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Planners scale back Mountain View freeway to address pollution concerns

By Brandon Loomis
The Salt Lake Tribune

Salt Lake Tribune
Article Launched:09/25/2008 04:54:31 AM MDT


Environmentalists are praising Mountain View freeway planners for their responses to air-pollution fears and mass-transit desires in a final environmental study that the state will release Friday.

In fact, it won't be a freeway for years to come, but a limited-access, four-lane expressway that's still governed by streetlights at major intersections. A full eight-lane freeway is expected to cost $3 billion. Officials were not immediately sure Wednesday evening how much the scaled-back approach saves, but so far the Legislature has granted only a few hundred million for initial work.

The plan would build four lanes west of Bangerter Highway from Salt Lake City to Lehi in conjunction with a bus rapid-transit system that runs on curb-separated lanes down the center of 5600 West. It also would put millions into pollution controls at schools along the route.

Utah proposes to spend $3.1 million filtering air inside the schools and $1 million to monitor the air outside. The state also would buy land in West Valley City to relocate the closest school - Hillside Elementary - if school officials decide to move.

"In our ideal world the freeway would have shifted locations entirely, farther away form the schools," Utah Moms for Clean Air co-founder Cameron Cova said. "But given that that location is pretty much a done deal, we're pretty excited about the aggressive approach to air filtration. It's exciting that UDOT responded so well to citizen groups and comments."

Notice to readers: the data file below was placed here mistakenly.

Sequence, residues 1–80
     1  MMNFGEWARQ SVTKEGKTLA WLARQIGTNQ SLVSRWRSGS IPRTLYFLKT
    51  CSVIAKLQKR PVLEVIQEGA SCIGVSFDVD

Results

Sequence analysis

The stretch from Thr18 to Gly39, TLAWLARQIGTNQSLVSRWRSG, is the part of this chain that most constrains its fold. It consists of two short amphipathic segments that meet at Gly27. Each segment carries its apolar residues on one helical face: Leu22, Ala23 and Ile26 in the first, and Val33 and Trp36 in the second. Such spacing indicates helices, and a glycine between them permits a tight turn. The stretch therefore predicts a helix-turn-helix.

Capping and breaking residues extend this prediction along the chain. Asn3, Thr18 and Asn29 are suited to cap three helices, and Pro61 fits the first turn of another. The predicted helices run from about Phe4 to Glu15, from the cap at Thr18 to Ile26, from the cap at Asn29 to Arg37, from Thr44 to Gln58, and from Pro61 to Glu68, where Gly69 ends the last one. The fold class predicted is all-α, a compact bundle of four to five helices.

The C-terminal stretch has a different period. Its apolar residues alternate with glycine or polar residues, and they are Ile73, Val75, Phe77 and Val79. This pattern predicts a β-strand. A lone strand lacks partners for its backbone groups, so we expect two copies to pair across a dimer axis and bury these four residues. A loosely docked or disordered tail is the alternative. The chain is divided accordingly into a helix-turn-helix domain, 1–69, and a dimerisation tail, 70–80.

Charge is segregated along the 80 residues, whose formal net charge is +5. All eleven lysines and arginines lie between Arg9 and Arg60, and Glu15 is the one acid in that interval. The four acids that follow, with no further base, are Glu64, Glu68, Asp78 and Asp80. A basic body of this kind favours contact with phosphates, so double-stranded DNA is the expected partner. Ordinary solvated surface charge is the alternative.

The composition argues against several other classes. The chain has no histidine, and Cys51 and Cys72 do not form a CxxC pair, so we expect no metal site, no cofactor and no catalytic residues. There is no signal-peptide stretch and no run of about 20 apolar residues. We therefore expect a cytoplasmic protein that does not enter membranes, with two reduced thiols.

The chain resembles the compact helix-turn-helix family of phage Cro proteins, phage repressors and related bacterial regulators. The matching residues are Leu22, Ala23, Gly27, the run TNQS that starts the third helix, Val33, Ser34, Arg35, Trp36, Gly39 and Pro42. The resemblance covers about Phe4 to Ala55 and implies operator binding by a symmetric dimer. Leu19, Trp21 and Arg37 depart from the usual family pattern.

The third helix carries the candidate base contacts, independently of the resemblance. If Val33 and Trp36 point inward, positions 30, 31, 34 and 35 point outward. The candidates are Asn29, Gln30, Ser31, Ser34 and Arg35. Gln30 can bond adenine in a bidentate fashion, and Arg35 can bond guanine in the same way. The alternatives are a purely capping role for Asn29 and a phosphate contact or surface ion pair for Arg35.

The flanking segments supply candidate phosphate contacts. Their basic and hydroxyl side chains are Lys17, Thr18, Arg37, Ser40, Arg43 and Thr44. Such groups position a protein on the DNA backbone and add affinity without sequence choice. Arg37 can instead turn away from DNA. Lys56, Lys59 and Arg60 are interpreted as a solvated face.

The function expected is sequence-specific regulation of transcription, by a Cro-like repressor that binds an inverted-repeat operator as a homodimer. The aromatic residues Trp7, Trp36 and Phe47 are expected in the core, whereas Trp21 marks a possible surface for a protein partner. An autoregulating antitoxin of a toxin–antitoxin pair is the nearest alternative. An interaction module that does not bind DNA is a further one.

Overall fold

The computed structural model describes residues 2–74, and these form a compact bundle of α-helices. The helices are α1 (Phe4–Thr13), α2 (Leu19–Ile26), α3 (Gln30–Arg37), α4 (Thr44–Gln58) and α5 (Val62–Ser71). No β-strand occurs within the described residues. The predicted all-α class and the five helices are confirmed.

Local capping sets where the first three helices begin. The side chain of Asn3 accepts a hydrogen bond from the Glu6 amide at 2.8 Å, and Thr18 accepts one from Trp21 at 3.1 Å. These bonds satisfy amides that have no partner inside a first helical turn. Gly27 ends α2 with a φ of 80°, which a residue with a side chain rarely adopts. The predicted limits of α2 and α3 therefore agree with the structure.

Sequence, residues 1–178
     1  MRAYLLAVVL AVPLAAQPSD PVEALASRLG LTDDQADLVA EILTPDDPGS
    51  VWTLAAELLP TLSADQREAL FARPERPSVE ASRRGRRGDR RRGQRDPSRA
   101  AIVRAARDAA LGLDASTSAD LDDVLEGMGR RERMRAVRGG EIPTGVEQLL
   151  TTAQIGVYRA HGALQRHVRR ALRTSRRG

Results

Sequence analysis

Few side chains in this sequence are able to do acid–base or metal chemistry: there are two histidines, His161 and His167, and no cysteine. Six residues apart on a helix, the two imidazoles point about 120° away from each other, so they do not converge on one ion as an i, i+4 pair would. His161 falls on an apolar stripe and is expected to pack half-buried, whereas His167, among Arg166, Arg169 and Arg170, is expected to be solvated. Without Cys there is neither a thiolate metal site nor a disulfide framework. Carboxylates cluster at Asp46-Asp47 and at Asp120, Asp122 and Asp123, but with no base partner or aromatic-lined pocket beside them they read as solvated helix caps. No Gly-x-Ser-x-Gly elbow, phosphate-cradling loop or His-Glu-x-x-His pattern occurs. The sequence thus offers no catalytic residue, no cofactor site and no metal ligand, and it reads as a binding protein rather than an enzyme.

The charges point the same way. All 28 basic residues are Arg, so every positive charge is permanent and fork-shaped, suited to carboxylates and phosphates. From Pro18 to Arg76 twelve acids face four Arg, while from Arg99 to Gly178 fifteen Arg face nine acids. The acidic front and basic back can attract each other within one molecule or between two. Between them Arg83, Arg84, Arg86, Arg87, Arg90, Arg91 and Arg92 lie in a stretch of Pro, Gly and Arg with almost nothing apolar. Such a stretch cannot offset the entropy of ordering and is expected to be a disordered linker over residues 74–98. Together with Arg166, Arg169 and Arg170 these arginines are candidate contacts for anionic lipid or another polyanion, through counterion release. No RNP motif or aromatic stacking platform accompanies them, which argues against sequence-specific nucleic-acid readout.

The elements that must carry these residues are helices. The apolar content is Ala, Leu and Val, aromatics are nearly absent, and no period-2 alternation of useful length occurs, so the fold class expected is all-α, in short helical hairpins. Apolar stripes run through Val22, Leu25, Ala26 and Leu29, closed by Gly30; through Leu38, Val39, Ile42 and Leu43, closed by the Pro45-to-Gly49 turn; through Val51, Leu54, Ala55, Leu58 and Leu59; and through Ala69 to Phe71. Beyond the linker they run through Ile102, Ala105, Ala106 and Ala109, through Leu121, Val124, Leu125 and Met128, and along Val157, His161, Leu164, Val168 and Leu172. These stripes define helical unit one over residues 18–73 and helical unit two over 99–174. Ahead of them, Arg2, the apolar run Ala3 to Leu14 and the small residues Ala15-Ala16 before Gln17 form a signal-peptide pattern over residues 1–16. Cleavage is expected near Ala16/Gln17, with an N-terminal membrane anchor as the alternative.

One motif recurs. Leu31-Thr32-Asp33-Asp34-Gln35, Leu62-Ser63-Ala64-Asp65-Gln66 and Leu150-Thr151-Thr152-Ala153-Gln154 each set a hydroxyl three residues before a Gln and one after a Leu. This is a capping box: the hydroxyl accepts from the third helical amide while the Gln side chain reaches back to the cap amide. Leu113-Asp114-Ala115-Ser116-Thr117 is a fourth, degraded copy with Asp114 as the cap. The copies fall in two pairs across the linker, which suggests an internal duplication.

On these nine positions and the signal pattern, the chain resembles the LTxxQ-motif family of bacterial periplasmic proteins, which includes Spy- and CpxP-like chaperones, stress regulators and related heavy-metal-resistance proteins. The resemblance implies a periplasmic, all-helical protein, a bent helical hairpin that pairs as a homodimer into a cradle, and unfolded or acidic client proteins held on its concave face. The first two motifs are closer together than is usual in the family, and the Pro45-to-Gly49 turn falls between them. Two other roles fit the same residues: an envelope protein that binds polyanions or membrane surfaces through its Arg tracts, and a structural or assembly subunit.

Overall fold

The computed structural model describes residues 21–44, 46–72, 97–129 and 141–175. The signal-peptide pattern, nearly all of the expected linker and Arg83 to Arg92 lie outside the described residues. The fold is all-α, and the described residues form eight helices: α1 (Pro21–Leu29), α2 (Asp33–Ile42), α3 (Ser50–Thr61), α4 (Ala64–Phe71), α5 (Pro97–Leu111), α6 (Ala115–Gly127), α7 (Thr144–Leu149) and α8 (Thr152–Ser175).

That's part of planners' job, Utah Department of Transportation project manager Teri Newell said. Many of the public comments were about air pollution, and the state acted on those.

The state cannot afford to build the full eight-lane proposal anytime soon, and traffic models don't predict it will be necessary at least until after 2015, Newell said. The state still will acquire enough land to build an eight-lane freeway someday.

The expressway won't have access from residential streets, but only at major intersections spaced about a mile and a half apart, Newell said.

The Sierra Club is pleased the plan includes bus rapid transit that will link Salt Lake City International Airport to the three west-valley light-rail lines currently in development by the Utah Transit Authority.

"We still need to keep reading [the study], but we like what we've seen so far," Sierra Club regional representative Marc Heileson said.

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